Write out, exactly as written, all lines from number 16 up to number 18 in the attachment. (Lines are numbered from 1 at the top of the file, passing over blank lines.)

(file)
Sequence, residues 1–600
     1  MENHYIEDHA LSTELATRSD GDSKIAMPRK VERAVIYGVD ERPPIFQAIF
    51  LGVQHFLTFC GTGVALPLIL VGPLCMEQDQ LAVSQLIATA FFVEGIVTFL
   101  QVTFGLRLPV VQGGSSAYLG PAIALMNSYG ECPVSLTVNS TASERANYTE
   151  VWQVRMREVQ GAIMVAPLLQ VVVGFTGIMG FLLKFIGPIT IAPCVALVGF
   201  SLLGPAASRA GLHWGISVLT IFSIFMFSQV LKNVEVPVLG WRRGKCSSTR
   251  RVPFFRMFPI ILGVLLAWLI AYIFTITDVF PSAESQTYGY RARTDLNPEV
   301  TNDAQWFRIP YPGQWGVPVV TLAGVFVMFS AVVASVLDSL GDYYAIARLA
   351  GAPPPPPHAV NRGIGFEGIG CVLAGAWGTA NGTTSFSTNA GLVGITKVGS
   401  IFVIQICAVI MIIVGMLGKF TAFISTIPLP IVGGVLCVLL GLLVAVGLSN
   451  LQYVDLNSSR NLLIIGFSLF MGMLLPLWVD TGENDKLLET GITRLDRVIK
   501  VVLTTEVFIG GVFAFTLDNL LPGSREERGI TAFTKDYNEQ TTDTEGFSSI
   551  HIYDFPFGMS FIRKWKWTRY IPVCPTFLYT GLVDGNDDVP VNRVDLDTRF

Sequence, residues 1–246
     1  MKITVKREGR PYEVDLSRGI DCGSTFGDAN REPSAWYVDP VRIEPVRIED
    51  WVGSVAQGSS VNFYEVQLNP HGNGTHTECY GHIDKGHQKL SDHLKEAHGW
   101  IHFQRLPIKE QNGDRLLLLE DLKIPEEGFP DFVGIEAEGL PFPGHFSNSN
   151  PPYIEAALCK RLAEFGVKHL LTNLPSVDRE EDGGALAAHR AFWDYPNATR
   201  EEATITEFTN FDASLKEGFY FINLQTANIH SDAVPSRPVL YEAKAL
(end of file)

    51  WVGSVAQGSS VNFYEVQLNP HGNGTHTECY GHIDKGHQKL SDHLKEAHGW
   101  IHFQRLPIKE QNGDRLLLLE DLKIPEEGFP DFVGIEAEGL PFPGHFSNSN
   151  PPYIEAALCK RLAEFGVKHL LTNLPSVDRE EDGGALAAHR AFWDYPNATR